LINCOLN, Neb. (AP) — Four Nebraska beer stores on the border of a South Dakota Indian reservation should close because the area doesn’t have sufficient law enforcement to respond to the frequent fights, drunken driving and other crimes in the tiny village, opponents of the liquor stores said Thursday.
Their testimony came during a hearing before state alcohol regulators who are considering whether renew their licenses to sell alcohol in Whiteclay, a northwest Nebraska village with nine full-time residents.
The stores sold the equivalent of 3.5 million cans of alcohol last year because they are near the Pine Ridge Indian Reservation in South Dakota, home of the Oglala Lakota Tribe, which is plagued with alcoholism. Critics of the stores blame Whiteclay for the tribe’s high rates of fetal alcohol syndrome and poverty. The town draws regular panhandlers who are known to loiter, fight and pass out in fields lined with dirty clothes and empty beer cans.
Tatewin Means, the tribe’s attorney general, said the problems in Whiteclay spill over into the reservation, but Nebraska law enforcement seldom works with the tribe’s police force. Means said the tribe currently has about 25 officers to patrol a reservation with 40,000 people that’s geographically larger than Rhode Island and Delaware combined.
“It’s been a nonexistent collaboration,” Means said in sworn testimony to the Nebraska Liquor Control Commission.
Means said tribe members who are released from the nearby jail frequently go to Whiteclay, in violation of their probation, but the tribe has no authority to arrest them again in Nebraska and local law enforcement doesn’t help.
Bruce BonFleur, who lives and runs a faith ministry in Whiteclay, said he doesn’t believe the town has adequate law enforcement. BonFleur said conditions are so unsanitary that he once had to leave his office because the smell of human waste outside was overwhelming. His wife, Marsha BonFleur, said she had encountered a woman who claimed to have been gang-raped but was too scared to report the crime.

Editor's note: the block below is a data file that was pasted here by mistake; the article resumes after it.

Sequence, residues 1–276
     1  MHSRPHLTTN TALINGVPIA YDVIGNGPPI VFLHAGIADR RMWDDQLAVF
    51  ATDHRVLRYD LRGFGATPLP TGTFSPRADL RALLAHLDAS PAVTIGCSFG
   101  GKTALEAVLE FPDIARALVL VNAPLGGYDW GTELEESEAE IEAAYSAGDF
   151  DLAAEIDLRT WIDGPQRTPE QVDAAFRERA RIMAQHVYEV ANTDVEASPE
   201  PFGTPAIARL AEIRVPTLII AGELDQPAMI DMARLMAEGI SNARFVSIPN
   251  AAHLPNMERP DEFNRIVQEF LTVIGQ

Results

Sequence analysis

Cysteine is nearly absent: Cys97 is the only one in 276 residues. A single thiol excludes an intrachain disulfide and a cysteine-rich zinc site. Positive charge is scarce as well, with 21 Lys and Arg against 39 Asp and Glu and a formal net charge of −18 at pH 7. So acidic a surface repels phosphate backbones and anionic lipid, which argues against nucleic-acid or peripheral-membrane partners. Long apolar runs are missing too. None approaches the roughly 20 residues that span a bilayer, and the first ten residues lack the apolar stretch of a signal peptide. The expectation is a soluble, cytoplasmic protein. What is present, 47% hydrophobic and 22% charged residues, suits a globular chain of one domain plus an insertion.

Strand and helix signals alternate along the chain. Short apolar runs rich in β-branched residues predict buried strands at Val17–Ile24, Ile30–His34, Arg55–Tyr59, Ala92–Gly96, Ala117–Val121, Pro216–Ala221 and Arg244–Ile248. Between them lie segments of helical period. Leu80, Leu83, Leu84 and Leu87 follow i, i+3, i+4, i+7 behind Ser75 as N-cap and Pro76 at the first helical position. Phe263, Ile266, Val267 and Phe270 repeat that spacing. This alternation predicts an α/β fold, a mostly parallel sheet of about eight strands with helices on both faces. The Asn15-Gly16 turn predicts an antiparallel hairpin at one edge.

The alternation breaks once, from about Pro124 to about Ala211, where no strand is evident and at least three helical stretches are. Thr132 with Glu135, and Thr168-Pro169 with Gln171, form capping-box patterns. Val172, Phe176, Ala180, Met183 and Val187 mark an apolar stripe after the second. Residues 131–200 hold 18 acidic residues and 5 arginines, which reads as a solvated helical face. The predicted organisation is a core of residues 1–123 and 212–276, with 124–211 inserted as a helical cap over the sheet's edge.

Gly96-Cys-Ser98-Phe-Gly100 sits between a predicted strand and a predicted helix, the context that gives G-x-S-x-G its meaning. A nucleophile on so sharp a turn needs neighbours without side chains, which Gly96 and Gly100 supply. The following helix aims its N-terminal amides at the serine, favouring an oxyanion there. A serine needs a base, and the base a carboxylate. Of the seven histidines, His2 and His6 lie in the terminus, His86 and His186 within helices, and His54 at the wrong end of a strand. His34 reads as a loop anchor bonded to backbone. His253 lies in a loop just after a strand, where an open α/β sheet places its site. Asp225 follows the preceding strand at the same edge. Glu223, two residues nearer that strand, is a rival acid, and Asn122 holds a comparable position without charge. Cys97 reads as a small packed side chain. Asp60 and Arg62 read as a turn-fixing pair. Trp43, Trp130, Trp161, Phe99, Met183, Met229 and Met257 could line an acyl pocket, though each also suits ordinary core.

“Nearly everyone who’s on the street is in some state of intoxication,” Bruce BonFleur said.
Sheridan County Sheriff Terry Robbins disputed allegations that his deputies ignore the problems. He said deputies spend an average of 90 minutes to two hours a day in Whiteclay, but acknowledged under questioning that deputies don’t visit every day. Deputies dedicate more time during the 1st and 15th of each month, when tribe members receive government benefit checks, he said.
If deputies see a person passed out in the street, “We get them up, see if they need medical attention, and try to see if we can get them home,” Robbins said.
Nebraska State Patrol Investigator Rob Jackson said the patrol has received four formal complaints against the stores in the last two years, but he wasn’t able to substantiate any of them. Jackson, based in Scottsbluff, said he inspected the four stores last year and never found any liquor law violations.
Andrew Snyder, an attorney for the beer stores, noted that Nebraska law enforcement currently has no way to look up tribal arrest warrants in its system.
Abram Neumann, who moved to Whiteclay in 2015 as part of a faith ministry, recounted a March 28 encounter in which he had to bandage a man who had been wounded in a knife fight. He said he saw the man the next day and his wounds appeared infected, so he persuaded him to go to the hospital.
Then in an April 2 incident in the village, Neumann said he saw a man nearly get run over by his girlfriend. He said the woman jumped out of the car and started beating the man.
Owners of the four beer stores said they haven’t broken any laws. They also said they’ve seen a sharp increase in law enforcement over the last year.
Earlier this month, the Nebraska attorney general’s office said it had filed 22 citations against the businesses for selling to bootleggers, failing to cooperate with investigators and other liquor-law violations. Those allegations are set for a separate hearing in May and can’t be used as evidence in the license-renewal case.
Clay Brehmer, who owns Stateline Liquors in Whiteclay, said he doesn’t sell to people who are regularly on the street and shoos away drinkers who stand too close to his store.
“I tell my employees to not let anyone stand out front, not let anyone loiter,” he said.
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